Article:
Just because a nettle is thorny doesn’t mean it shouldn’t be grasped. It is commendable, therefore, that a few months ago an article appeared on the Libertine. It argued that the status quo on tuition fees should be backed in our next election manifesto. This is my riposte. In my opinion, our current policy of gradual abolition should be retained in 2015. It will be a difficult policy to argue with a straight face, but it is still the right one.
We can holler from the rooftops about how much worse the system would be without our influence, about how much worse it would be if the slavishly free-market instincts of the Tories were given full rein to wreak havoc in our higher education sector. We can also shout about the positive aspects of the loan repayment system compared to the rather nasty, regressive one which we inherited from Labour. But we must never, never, argue that tuition fees are a good thing per se. Because, quite frankly, they are not.
It is somewhat unfashionable among Liberal Democrats to quote Edmund Burke. But his statement that ‘society is a contract between the past, the present and those yet unborn’ is a pertinent one. Glibly loading up future generations of graduates (even the wealthy ones) with gargantuan debts in order to sort out our own financial mess is immoral. It is not only that the very idea of student debts – even if you don’t necessarily have to pay them off – can put people off university for good. It is also that the very idea of student debts is wrong.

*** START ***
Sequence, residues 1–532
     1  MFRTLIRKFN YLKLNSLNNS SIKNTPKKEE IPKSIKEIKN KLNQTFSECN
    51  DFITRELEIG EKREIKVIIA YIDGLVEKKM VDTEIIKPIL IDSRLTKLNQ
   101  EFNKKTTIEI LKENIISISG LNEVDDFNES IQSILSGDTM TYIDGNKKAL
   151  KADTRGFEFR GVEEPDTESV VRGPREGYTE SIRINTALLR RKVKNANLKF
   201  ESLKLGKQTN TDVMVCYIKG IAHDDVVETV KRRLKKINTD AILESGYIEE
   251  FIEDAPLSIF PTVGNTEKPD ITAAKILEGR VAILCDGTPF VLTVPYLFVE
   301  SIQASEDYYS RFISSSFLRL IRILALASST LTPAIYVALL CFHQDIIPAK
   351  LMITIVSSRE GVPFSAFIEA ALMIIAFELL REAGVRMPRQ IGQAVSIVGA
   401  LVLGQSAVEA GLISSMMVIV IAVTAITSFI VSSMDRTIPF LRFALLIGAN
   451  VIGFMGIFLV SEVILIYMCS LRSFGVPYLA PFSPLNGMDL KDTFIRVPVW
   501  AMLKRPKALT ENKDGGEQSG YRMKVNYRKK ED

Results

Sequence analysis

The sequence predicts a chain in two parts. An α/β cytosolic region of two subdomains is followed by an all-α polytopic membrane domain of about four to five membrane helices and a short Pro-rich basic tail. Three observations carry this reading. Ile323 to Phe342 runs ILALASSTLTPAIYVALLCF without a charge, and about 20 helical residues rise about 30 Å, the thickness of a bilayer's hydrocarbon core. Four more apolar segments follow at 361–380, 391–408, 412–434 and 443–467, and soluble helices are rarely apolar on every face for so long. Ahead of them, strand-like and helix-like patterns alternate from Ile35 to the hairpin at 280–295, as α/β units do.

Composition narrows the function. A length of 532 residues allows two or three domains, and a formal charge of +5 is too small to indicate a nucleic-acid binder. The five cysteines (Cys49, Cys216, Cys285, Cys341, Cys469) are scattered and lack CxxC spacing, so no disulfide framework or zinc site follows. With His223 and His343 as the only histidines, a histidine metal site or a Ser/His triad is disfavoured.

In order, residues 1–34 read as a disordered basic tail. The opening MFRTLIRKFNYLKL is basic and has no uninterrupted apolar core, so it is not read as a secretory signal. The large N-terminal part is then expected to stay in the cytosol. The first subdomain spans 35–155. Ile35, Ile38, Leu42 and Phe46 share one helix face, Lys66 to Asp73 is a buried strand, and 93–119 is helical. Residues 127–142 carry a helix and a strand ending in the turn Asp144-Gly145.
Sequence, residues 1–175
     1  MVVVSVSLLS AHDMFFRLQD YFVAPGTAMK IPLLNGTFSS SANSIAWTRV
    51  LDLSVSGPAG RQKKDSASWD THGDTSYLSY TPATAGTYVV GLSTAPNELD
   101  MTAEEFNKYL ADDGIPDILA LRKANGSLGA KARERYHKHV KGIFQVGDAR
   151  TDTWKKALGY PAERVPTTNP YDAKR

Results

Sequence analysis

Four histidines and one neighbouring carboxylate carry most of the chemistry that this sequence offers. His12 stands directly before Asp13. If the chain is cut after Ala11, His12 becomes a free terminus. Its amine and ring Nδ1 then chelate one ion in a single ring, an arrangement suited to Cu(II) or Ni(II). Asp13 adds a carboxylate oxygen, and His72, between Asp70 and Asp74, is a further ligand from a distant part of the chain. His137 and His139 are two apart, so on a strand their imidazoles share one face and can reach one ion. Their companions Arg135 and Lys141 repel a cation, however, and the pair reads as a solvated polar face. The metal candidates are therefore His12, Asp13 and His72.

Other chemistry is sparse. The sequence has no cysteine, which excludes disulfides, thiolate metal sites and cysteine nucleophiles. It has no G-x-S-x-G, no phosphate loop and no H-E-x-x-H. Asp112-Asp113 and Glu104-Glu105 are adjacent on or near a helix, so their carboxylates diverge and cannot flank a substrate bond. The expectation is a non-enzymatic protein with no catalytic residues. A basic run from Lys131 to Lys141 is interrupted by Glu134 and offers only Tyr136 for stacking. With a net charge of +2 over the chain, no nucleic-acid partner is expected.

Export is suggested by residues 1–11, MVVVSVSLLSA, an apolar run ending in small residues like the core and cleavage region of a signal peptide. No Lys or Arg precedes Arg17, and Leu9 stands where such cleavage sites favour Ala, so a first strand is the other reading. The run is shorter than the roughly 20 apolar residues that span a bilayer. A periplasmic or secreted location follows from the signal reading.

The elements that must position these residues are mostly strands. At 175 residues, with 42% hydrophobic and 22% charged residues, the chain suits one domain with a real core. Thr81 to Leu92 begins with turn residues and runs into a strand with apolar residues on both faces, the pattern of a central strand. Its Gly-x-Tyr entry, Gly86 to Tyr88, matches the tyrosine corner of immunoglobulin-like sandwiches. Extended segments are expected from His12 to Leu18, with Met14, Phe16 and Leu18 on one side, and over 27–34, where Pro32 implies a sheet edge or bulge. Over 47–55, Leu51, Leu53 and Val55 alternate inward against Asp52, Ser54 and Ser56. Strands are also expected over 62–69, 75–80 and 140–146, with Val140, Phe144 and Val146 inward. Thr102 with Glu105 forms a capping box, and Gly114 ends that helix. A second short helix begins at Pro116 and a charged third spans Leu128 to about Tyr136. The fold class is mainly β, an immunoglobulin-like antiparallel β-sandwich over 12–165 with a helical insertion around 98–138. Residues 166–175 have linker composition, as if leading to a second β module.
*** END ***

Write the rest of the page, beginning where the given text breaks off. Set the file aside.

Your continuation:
As Liberals, we do not see education as a commodity, something to be bought and sold like a second hand Ford Cortina. We see it as a social good. A doctor studies for a medical degree in order to benefit society as a whole. If he cures my ills, then I think it’s fair that I should chip in to fund his degree. Let his education be free. He, or she, will contribute to the collective kitty via the British system of progressive taxation. Is not that enough?
You do not need reminding that we’ve messed up over tuition fees. We have hesitated. We have deviated. We must now put that behind us and repeat once more what we have said for years: that the millstone of tuition fees round the neck of students must go. And let’s not rely on Ed Miliband to do it for us- he said he was going to have them at £6,000 under a Labour Government. Talk about the red flame of socialist courage- there’s barely enough fire in that idea to light the candles on young Sam Miliband’s birthday cake.
Reece Edmends is a Liberal Youth member in Staffordshire. He formerly studied at Newcastle-under-Lyme School and will be taking up a place at university in 2013. He enjoys politics, literature, history, music and golf.
This article is solely the view of the author and should not be taken as the views of Liberal Youth, the Liberal Democrats, nor the editorship of the Libertine.